Ofgem said the level of its safeguard tariff – which stops suppliers from charging customers too much – will increase from £1,031 to £1,089 for dual fuel customers on average.
That’s mainly due to higher wholesale energy and policy costs to support low carbon forms of electricity generation, the regulator added.
It introduced the safeguard tariff for more than four million prepayment customers in April last year and has now extended it for an extra one million households, who currently receive the Warm Home Discount.
The million households are to initially make savings of around £115 a year on average but from April, that will fall to £66 a year.
However, consumers are still expected to be better off after April than if there was no cap on gas and electricity prices.
According to government statistics, these households will only see an increase of around 3.7% on their bills compared to an average 8% rise of dual fuel standard variable tariffs of the Big Six last year.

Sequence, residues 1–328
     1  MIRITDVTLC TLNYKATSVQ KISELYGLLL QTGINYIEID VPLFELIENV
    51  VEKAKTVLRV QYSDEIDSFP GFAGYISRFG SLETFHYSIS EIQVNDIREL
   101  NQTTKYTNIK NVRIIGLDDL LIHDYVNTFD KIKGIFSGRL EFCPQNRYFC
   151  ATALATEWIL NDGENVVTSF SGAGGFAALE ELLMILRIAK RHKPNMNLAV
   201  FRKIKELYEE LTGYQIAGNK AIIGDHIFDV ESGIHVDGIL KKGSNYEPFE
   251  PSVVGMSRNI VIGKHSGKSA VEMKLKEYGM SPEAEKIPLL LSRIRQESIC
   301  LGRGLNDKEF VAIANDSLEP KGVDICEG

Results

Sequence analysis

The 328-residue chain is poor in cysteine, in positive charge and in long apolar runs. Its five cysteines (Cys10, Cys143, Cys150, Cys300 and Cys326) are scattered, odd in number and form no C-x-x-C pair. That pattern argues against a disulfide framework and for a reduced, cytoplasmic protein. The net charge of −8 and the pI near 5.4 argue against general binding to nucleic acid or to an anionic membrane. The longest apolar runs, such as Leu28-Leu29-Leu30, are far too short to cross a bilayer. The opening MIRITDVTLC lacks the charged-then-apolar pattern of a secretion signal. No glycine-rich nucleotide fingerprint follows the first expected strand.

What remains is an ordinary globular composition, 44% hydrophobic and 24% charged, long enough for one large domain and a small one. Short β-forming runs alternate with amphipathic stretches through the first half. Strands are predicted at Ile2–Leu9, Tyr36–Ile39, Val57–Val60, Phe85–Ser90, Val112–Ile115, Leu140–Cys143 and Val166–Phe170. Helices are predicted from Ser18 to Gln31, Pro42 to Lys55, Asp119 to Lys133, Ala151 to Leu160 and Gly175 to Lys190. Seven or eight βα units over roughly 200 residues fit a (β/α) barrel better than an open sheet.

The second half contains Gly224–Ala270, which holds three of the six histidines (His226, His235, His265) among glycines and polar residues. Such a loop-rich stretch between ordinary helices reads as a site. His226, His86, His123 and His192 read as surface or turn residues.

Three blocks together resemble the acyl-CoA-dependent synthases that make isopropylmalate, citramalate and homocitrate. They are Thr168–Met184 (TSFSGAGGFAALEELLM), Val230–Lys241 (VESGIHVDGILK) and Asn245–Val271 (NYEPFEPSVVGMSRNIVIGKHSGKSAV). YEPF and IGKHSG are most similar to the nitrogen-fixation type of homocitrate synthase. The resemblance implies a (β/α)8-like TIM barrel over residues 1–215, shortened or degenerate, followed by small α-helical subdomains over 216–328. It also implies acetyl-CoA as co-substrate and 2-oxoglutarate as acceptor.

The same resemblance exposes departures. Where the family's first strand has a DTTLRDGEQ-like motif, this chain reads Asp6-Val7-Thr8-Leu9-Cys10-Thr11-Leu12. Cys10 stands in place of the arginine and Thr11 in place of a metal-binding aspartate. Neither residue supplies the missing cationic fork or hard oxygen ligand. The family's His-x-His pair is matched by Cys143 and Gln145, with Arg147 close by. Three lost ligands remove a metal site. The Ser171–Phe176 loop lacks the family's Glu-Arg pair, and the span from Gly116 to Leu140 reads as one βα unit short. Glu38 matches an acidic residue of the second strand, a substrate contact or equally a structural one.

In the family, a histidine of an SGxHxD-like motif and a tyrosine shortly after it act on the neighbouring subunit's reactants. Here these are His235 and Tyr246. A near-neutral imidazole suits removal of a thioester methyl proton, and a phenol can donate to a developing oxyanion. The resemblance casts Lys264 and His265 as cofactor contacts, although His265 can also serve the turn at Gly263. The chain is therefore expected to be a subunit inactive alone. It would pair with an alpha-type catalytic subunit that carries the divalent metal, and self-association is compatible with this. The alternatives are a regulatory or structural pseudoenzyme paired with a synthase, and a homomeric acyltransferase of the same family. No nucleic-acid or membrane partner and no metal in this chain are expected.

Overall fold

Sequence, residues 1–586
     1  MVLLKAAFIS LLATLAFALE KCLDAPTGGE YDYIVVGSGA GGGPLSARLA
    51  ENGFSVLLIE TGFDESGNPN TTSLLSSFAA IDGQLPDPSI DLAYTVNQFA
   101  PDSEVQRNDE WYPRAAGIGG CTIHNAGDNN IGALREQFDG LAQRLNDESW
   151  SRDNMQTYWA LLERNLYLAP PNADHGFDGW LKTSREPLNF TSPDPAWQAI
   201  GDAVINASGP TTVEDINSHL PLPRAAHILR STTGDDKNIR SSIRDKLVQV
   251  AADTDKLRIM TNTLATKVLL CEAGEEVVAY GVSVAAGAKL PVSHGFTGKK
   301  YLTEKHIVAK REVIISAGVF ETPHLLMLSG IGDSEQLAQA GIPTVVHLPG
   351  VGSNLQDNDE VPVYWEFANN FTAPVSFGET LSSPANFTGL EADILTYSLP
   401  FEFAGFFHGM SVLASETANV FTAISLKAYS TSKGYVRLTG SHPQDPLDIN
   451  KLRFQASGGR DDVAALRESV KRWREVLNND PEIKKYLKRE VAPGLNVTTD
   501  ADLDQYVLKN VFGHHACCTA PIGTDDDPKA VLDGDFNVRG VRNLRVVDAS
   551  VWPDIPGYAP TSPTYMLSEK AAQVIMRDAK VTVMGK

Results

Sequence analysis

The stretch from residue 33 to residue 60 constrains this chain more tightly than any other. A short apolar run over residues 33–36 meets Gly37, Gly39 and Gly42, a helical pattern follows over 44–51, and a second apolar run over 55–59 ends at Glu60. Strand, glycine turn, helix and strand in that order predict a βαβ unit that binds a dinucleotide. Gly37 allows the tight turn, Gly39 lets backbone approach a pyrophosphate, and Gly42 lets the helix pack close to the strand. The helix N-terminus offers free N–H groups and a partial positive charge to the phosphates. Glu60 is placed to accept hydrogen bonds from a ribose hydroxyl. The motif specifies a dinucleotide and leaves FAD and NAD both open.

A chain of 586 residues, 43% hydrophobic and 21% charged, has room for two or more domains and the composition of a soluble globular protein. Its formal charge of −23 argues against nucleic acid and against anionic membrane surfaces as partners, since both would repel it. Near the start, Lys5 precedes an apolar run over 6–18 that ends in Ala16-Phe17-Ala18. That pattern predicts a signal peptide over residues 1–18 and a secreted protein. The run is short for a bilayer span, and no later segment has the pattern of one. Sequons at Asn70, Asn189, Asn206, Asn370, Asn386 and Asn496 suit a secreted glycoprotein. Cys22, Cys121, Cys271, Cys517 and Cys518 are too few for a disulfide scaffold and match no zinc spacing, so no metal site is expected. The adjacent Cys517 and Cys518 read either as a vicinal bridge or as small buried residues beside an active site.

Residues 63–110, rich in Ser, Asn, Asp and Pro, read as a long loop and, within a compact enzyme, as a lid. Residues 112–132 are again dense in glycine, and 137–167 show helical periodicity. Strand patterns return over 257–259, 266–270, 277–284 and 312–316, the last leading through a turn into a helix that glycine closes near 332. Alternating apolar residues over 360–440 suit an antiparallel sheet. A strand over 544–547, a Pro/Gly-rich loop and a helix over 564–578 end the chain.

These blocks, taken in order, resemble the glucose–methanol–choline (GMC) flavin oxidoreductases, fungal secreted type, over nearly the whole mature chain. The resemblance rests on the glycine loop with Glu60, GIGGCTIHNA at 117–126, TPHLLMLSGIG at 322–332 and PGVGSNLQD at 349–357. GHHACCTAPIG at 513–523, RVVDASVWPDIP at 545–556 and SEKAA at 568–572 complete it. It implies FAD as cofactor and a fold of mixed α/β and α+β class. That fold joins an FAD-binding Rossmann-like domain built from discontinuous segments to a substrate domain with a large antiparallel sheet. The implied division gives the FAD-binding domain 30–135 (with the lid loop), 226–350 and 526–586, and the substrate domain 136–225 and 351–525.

Chief Executive Dermot Nolan said: “Even when energy costs rise, people on the worst deals are better off under the safeguard tariff as they can be sure that they are not overpaying for their energy and any rise is justified.
“Ofgem is working with the government to protect all customers on poor value default deals, such as standard variable tariffs, from being charged too much for their energy as soon as possible. Our aim is to protect those who do not switch, while making it easier for those who do get a better deal.”